Before the changes that were made in 1984, dividends were allowable as deductions in computing a company's chargeable profits, and were treated as taxable income in the hands of the shareholders—whether or not such persons were residents. Rates of Mauritian tax have varied, but at the time of the change a public company was taxed at a rate of 50 per cent. and a private company at a rate of 60 per cent. In addition, a surcharge of 10 per cent. of the tax payable was also imposed, making the effective rates 55 per cent. and 66 per cent. respectively. Individuals were taxed progressively, and in some years the maximum rate was as high as 80 per cent. The terms of the existing convention allowed Mauritius to apply its domestic rates without restriction. Since 1984, dividends have not been treated as allowable deductions. There is no provision for withholding tax when dividends are paid, and so dividends are taxed like any other income, but where a non-resident company derives dividends from a resident company, Mauritian tax is payable by the shareholding company at a rate of 35 per cent. Where a shareholder is an individual, tax is applied on a progressive scale, ranging from 5 per cent. to 35 per cent.
I do not want to go through an elaborate arithmetical calculation but, before the 1984 changes, a subsidiary of a United Kingdom company in Mauritius, which wished to remit profits entirely as a dividend, would have nil taxable profits in Mauritius. The Mauritius income in the United Kingdom was charged so that in total the dividend after Mauritius tax was 45 per cent. of the original profit of, say, 100. In the United Kingdom the foreign dividend of 100 was charged at 50 per cent., according to United Kingdom tax law in 1983.
There was a further overseas tax of 55, of which 5 was unrelieved because of the Mauritian tax of 55 per cent. Therefore, the United Kingdom tax payable was nil. 486 Under the post-1984 changes under the convention, as amended by this protocol, the subsidiary of the United Kingdom company in Mauritius will have a Mauritian income of 65, after the deduction of 35 of Mauritian tax. But there will then be a Mauritian tax at the treaty rate of 10 per cent. Therefore, there will be a further 6.5 per cent. of tax, producing a net income of 58.5 per cent.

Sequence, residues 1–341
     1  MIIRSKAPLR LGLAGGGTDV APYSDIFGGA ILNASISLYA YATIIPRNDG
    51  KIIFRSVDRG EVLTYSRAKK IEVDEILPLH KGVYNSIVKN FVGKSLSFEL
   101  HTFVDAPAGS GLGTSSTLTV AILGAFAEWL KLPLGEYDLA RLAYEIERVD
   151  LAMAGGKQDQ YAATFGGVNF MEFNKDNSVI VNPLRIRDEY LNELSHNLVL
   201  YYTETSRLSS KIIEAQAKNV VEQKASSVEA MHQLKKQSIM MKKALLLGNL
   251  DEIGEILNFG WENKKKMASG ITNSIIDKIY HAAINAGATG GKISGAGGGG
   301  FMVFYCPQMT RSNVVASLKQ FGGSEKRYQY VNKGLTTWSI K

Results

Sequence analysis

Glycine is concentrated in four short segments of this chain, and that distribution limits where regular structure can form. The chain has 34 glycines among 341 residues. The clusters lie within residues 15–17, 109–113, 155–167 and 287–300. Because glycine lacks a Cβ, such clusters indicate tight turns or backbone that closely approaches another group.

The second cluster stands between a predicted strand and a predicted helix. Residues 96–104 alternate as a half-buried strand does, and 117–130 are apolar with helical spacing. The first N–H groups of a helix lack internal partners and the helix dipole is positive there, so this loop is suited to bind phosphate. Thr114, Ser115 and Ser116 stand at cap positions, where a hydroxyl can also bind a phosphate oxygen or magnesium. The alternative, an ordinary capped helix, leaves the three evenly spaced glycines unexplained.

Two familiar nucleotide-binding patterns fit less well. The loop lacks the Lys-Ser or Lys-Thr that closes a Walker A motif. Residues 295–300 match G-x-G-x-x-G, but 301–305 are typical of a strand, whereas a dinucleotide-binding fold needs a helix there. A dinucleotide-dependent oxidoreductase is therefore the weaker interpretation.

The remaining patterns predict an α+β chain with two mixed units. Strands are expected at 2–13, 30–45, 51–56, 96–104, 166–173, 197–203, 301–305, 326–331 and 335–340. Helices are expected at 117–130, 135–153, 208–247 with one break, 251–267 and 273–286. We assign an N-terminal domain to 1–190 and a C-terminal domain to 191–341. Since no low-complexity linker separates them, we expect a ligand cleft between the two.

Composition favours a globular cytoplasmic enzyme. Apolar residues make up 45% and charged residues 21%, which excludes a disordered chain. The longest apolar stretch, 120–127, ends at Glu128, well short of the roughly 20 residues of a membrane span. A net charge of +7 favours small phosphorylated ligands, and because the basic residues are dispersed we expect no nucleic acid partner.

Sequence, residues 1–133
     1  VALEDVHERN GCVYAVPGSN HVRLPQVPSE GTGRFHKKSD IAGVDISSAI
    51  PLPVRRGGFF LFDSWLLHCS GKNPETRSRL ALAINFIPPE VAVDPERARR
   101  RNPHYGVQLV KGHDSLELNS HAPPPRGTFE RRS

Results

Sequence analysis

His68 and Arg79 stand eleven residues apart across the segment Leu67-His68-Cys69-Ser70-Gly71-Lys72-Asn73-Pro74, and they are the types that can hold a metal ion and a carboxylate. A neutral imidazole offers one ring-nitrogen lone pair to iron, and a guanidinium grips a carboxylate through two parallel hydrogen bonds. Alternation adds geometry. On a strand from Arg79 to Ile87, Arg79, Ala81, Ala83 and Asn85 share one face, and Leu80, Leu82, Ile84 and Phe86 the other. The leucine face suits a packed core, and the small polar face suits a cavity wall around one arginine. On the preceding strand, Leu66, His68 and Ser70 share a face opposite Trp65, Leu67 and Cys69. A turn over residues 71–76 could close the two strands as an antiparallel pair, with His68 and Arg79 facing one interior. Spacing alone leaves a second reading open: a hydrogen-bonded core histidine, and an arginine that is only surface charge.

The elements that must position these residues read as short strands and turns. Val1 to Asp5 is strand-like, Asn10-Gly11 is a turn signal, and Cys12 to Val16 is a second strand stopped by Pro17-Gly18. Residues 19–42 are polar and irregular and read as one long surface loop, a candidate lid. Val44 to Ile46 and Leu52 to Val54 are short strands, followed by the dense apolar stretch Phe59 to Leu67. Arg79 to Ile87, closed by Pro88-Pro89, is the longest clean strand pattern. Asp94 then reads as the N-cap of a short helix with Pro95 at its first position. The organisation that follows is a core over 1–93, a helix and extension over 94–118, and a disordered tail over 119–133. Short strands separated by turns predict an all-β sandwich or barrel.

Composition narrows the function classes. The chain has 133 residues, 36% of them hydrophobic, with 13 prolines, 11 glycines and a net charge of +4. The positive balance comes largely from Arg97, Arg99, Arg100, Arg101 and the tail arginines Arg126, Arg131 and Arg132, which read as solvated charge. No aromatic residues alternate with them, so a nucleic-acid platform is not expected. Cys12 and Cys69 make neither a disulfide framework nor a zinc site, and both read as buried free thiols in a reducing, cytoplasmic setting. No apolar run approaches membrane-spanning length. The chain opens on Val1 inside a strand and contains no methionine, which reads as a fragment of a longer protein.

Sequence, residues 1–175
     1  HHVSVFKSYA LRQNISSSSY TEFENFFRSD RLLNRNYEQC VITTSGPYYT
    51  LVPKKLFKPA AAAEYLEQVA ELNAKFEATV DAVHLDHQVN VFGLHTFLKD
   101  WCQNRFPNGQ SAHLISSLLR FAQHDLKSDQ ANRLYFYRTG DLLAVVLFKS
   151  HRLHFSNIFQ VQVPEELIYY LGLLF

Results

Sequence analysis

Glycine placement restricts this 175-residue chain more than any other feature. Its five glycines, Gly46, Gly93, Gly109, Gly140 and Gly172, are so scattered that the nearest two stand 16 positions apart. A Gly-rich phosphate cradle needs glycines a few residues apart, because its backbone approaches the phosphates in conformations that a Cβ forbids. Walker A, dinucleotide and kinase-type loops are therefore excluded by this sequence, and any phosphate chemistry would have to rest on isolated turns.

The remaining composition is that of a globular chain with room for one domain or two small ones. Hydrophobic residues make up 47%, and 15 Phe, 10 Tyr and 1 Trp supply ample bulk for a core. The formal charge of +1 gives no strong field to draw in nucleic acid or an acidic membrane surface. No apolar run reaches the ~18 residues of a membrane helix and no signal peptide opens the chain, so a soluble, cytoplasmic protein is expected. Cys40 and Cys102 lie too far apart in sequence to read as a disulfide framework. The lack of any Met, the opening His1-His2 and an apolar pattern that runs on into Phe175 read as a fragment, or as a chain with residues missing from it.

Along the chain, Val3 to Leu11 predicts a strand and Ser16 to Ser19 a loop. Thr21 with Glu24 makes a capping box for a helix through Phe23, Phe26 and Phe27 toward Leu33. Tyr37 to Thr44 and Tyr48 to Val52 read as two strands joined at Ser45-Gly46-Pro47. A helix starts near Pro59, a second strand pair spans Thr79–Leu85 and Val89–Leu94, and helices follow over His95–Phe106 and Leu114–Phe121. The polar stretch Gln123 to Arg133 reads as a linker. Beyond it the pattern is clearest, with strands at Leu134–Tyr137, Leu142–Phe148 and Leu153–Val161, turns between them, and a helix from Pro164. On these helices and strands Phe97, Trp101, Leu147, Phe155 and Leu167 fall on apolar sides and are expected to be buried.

In the United Kingdom the foreign dividend would be grossed up for underlying relief. If one assumes a United Kingdom tax of 35 per cent., the overseas tax on the dividend will be 6.5, as I described a moment ago, and the tax on the profits will be 35. Of the overseas tax, 5 was unrelieved because of the Mauritian tax of 55 that I have described. Whereas we previously had an unrelieved figure of 5 per cent., we now have an unrelieved figure of 6.5 per cent. Again, no United Kingdom tax will be payable. Those are complicated figures and I shall not take the House through what would have happened if we had not amended them. It will be clear to the House that the changes are not of great significance but they are helpful to Mauritius. The flow of finance between Mauritius and the United Kingdom is traditionally confidential, but we are not talking about large sums of money.
§ Question put and agreed to.
That an humble Address be presented to Her Majesty, praying that the Double Taxation Relief (Taxes on Income) (Mauritius) Order 1986 be made in the form of the draft laid before this House on 5th December.
That an humble Address be presented to Her Majesty, praying that the Double Taxation Relief (Taxes on Income) (France) Order 1986 be made in the form of the draft laid before this House on 5th December.—[Mr. Brooke.]